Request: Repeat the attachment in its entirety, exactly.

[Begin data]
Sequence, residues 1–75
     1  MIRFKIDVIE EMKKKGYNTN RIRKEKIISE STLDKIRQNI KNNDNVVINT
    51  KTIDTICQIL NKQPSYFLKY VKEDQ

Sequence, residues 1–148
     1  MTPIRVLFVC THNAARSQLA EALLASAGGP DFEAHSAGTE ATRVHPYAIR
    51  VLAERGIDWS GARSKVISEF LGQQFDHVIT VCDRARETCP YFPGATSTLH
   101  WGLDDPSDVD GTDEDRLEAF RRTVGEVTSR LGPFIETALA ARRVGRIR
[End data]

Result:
Sequence, residues 1–75
     1  MIRFKIDVIE EMKKKGYNTN RIRKEKIISE STLDKIRQNI KNNDNVVINT
    51  KTIDTICQIL NKQPSYFLKY VKEDQ

Sequence, residues 1–148
     1  MTPIRVLFVC THNAARSQLA EALLASAGGP DFEAHSAGTE ATRVHPYAIR
    51  VLAERGIDWS GARSKVISEF LGQQFDHVIT VCDRARETCP YFPGATSTLH
   101  WGLDDPSDVD GTDEDRLEAF RRTVGEVTSR LGPFIETALA ARRVGRIR